The pharmaceutical industry has long said that list prices aren’t a reliable indicator of what Americans pay for prescription drugs because big customers, including health insurers and pharmacy benefit managers, negotiate discounts. But a Bloomberg analysis of 39 medicines with global sales of more than $1 billion a year showed that 30 of them logged price increases of more than double the rate of inflation from 2009 to 2015, even after estimated discounts were factored in. Only six drugs had price increases in line with or below inflation.
The analysis is based on discount estimates from SSR Health, an investment research firm that compared estimates of gross sales for each drug, based on prescription data, to company-reported U.S. net sales. To approximate the negotiated prices, Bloomberg compared SSR Health’s estimates for discounts with list prices for the drugs supplied by Connecture Inc., which provides price-comparison software to health plans. Many drug companies disputed the analysis, but none provided specific data to counter it.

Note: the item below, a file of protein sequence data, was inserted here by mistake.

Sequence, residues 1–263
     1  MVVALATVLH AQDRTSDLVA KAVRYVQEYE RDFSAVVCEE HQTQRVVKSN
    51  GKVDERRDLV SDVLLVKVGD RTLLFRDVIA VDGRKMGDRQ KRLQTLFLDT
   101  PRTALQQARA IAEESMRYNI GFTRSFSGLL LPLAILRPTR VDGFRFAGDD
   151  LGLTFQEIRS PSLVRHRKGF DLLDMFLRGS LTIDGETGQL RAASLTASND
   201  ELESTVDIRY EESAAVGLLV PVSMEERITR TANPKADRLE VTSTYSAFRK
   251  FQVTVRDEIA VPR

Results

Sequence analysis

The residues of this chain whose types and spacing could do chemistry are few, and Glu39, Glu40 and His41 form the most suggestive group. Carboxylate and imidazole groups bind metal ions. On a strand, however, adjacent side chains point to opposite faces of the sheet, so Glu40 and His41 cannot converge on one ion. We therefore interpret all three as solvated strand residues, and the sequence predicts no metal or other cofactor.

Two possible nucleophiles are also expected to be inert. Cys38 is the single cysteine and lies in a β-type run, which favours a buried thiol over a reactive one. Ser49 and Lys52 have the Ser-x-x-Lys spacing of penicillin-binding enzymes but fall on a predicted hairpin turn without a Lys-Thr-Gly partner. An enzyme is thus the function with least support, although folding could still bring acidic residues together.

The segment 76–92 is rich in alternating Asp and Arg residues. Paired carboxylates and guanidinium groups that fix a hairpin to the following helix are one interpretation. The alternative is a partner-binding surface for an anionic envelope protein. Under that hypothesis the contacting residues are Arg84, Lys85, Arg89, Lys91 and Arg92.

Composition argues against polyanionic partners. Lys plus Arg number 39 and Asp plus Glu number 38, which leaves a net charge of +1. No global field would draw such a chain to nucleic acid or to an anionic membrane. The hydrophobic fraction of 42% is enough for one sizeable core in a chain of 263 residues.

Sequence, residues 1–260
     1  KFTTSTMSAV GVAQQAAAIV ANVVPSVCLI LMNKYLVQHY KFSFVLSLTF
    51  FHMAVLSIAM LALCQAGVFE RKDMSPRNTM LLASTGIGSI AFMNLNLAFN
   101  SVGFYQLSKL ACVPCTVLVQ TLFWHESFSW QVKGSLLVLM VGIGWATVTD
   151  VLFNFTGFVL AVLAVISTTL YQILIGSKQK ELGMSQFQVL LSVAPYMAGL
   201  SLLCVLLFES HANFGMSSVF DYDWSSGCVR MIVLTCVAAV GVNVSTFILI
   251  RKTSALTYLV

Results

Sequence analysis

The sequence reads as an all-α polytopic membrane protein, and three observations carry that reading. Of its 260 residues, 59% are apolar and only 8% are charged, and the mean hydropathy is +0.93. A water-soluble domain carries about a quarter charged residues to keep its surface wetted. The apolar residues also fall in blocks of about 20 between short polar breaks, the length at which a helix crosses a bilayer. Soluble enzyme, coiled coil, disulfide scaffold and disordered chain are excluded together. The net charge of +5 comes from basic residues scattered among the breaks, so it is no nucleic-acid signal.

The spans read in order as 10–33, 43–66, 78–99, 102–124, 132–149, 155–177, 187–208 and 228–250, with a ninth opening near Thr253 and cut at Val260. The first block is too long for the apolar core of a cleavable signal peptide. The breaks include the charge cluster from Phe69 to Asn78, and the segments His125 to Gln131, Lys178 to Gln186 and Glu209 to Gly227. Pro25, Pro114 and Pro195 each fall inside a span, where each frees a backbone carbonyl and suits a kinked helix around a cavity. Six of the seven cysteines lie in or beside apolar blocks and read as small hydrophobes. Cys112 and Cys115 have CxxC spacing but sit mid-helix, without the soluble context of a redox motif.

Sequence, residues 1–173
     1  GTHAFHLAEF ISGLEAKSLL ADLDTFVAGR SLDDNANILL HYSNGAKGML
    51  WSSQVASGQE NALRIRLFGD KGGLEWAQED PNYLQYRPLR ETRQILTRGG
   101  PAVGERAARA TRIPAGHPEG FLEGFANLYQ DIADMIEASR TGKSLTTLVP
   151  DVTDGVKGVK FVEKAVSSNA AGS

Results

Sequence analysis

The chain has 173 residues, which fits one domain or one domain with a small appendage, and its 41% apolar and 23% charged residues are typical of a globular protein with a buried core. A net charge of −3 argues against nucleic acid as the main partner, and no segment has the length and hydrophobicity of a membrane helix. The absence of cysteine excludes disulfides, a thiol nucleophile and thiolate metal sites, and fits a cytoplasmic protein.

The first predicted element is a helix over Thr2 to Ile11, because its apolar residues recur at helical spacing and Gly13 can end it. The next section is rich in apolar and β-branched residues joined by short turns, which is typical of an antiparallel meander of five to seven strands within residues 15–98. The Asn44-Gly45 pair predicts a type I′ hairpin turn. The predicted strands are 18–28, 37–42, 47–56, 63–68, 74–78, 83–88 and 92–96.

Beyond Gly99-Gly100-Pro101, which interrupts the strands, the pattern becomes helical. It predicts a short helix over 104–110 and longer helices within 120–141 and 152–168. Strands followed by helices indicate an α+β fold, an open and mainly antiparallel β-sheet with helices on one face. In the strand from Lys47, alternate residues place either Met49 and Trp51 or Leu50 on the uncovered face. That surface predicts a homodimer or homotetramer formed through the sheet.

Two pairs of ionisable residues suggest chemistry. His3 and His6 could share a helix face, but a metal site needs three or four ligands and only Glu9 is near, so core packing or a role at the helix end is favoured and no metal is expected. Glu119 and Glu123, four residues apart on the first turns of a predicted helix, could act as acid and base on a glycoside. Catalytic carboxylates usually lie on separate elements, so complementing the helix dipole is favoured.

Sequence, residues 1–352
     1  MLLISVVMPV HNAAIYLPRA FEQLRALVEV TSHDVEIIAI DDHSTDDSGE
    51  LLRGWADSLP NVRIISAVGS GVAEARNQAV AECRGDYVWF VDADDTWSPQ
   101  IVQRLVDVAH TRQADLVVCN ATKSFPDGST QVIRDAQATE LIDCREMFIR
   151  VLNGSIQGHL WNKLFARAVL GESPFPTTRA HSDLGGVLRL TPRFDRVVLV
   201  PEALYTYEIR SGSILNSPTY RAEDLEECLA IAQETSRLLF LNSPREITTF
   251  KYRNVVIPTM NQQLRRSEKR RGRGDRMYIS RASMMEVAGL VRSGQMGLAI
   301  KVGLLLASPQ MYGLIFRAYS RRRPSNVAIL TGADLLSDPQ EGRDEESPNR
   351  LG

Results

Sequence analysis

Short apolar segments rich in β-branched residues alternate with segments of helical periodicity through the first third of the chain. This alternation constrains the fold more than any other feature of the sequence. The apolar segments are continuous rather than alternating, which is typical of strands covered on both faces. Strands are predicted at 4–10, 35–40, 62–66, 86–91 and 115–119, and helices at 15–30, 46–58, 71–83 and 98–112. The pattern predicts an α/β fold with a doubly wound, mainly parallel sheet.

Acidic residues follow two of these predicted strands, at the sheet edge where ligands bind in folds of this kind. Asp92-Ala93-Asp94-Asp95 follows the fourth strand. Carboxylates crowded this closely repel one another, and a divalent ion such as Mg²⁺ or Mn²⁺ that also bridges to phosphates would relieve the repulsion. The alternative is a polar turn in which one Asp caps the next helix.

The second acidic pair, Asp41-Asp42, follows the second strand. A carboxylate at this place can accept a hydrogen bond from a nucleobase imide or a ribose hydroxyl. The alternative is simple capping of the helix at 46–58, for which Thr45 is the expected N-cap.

Discounts vary dramatically, depending on disease type and how much competition exists. Take Humalog, the popular, short-acting insulin made by Eli Lilly & Co. Its big list price increases were wiped out by ever-bigger discounts.
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Humalog faces competition from a very similar drug: Novolog, from Novo Nordisk A/S. Benefit managers have been playing one company against the other to get cheaper prices. Lilly offered discounts of 66 percent on Humalog last year, up from 23 percent in 2009, according to SSR Health estimates. Discounts for Novolog have risen in parallel fashion since 2012, the data show.
Lilly said it doesn’t disclose rebates for individual drugs, but, on average, its discounts are 35 percent for commercial insurance plans and 80 percent for government plans. Novo Nordisk said U.S. discounts for all of its medicines were over 50 percent last year, compared with about 35 percent in 2010.
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